Which Evergreens Can I Plant for Winter?
Regardless of climate, gardeners yearn for color and beauty during the winter dormant season. Evergreen plants, those that retain their foliage across the chill of winter, are vital in bringing the color green to winter landscapes. Broadleaf and needled or scaled evergreen shrubs and trees form the backbone for winter environments, and use of herbaceous evergreen may also be used if they are hardy.
The United States Department of Agriculture published a map of winter minimum temperatures that created plant hardiness zones based on similar winter conditions. The horticulture and plant nursery industries have used this zoning system as a basis for comparison and recommendation of plants to grow across North America.
Begin by learning which plant hardiness zone you reside by typing in your postal ZIP code at the National Gardening Association's website. Only focus on choosing evergreens that are hardy, or able to survive the winter temperatures, in your zone. For example, if you live in Chicago, your USDA plant hardiness zone is 5. For plant longevity and good planning, only select plants rated as hardy in zone 5, such as the Colorado blue spruce (Picea pungens var. glauca), which is hardy in Zones 2 through 7. The lower the zone number, the colder the winter.
- Regardless of climate, gardeners yearn for color and beauty during the winter dormant season.
- Evergreen plants, those that retain their foliage across the chill of winter, are vital in bringing the color green to winter landscapes.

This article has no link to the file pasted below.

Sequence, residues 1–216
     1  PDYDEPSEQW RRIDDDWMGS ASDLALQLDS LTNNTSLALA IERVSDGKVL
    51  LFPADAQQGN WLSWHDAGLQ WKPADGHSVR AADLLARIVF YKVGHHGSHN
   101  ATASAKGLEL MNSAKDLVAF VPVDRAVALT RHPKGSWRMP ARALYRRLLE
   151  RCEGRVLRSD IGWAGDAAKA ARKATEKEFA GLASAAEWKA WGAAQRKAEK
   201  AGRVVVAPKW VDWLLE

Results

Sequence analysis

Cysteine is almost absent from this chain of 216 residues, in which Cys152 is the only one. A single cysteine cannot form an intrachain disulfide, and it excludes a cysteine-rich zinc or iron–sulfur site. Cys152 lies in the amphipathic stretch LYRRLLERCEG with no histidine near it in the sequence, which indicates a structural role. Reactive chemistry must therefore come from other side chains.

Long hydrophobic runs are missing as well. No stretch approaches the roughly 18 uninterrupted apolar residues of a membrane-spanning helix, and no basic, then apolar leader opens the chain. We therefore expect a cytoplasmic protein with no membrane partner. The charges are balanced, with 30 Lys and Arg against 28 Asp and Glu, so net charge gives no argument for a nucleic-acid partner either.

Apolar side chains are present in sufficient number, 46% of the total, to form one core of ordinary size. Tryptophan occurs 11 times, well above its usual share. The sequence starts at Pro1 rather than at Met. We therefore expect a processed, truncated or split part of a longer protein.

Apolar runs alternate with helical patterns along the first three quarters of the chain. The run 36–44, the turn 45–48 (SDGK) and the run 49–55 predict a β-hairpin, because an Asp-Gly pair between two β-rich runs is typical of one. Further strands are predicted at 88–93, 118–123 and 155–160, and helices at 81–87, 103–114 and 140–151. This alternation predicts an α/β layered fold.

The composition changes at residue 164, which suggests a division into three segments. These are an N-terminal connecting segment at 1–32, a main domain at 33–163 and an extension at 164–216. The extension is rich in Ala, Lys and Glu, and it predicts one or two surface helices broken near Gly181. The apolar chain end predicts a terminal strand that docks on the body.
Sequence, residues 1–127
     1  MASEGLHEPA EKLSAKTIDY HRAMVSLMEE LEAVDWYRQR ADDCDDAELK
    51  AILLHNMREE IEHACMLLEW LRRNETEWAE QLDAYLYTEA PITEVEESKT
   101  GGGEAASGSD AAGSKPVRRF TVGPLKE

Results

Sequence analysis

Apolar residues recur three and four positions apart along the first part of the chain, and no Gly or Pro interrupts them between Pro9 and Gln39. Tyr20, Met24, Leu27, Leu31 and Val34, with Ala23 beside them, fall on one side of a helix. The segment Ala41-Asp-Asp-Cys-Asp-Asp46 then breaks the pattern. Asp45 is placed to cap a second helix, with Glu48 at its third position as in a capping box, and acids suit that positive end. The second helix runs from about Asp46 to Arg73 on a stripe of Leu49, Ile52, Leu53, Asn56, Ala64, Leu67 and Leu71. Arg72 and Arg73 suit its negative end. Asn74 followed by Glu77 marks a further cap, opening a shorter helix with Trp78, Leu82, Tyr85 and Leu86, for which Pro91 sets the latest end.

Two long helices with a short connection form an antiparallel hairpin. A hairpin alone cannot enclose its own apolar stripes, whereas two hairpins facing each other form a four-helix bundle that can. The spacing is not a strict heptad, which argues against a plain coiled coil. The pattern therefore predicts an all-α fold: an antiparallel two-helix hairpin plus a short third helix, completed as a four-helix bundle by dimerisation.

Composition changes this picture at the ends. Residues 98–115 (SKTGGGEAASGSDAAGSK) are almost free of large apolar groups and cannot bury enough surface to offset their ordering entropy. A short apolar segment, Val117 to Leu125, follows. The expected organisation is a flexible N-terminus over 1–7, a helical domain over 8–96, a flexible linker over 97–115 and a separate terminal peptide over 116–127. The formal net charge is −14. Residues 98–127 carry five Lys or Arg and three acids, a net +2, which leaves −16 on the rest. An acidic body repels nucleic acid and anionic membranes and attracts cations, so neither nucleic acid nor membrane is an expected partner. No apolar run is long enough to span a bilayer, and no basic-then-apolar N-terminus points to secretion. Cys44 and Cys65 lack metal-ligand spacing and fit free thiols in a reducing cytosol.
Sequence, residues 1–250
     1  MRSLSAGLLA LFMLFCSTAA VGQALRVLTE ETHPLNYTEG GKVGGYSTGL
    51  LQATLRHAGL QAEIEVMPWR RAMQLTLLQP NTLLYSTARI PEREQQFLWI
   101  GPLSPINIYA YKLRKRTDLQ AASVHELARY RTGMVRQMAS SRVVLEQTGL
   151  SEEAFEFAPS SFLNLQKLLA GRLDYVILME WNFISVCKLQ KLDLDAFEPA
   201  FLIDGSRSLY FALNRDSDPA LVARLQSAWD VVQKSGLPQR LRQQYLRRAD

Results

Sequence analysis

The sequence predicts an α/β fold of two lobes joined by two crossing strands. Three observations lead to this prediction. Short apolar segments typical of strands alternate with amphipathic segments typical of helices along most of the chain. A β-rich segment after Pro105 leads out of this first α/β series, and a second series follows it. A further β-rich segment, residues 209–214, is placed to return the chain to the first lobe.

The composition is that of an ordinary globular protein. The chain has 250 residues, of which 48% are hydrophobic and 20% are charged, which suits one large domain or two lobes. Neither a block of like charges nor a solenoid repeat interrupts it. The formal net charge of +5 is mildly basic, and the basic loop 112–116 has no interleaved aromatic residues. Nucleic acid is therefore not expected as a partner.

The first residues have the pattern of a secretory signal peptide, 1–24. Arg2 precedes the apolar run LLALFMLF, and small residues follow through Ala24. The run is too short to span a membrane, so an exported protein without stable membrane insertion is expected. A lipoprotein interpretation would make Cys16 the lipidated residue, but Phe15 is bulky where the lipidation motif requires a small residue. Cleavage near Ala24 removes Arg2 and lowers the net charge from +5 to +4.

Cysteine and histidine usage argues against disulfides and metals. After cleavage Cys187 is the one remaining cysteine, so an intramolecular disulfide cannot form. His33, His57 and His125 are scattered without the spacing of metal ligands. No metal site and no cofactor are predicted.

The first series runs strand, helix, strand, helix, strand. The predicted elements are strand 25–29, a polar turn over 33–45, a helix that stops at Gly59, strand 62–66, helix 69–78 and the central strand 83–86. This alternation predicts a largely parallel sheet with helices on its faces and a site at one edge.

Broadleaf Evergreen Shrubs
Some shrubs with broad, flat, oval-shaped leaves retain their foliage across the winter months. Their leaves may remain fully green or blush with attractive tones of bronze, burgundy, red or purple. Rhododendron, mountain laurel, Indian hawthorn, English and American holly, daphne and boxwood are a few popular examples of broadleaf evergreen shrubs.
Broadleaf Evergreen Trees
Likewise, some trees with broad, flat foliage remain evergreen in climates that do not have too harsh of a winter season. Famous broadleaf evergreen trees to consider, if hardy in your region, include the Southern magnolia, live oak, bay laurel and some types of viburnum.
Needled Evergreen Shrubs
The prickly, narrow needled leaves of conifer shrubs are often used as groundcovers or large foliage banks or hedgerows. Junipers are perhaps the most widely recognized needled evergreen shrubs, but also look into dwarf selections of trees that remain significantly shorter and attain sizes less than 6 to 10 feet.
- Some shrubs with broad, flat, oval-shaped leaves retain their foliage across the winter months.
- The prickly, narrow needled leaves of conifer shrubs are often used as groundcovers or large foliage banks or hedgerows.
Needled Evergreen Trees
Pine, spruce, false cypress and cedar are among the evergreen trees with needled or scale-like foliage gardeners use for windbreaks, architectural accents or focal points. The reduced surface area of the needles, when compared to the foliage of broadleaf evergreen trees, allows most needled evergreen conifer trees to tolerate significantly colder winter temperatures.
Herbaceous Evergreen Materials
Herbaceous plants are those that do not grow wood-like stems and trunks but remain with soft leaf and stem tissues. Many groundcovers that have fleshy leaves can remain evergreen, including lilyturf, mondo grass, prostrate sedum, and hens-and-chicks. The winter climate dictates which herbaceous plant materials indeed remain evergreen.
- "Dirr's Hardy Trees and Shrubs;" Michael A. Dirr; 1997
- "Dirr's Trees and Shrubs for Warm Climates;" Michael A. Dirr; 2002
Jacob J. Wright became a full-time writer in 2008, with articles appearing on various websites. He has worked professionally at gardens in Colorado, Florida, Minnesota, New York, North Carolina and Pennsylvania. Wright holds a graduate diploma in environmental horticulture from the University of Melbourne, Australia, and a Master of Science in public horticulture from the University of Delaware.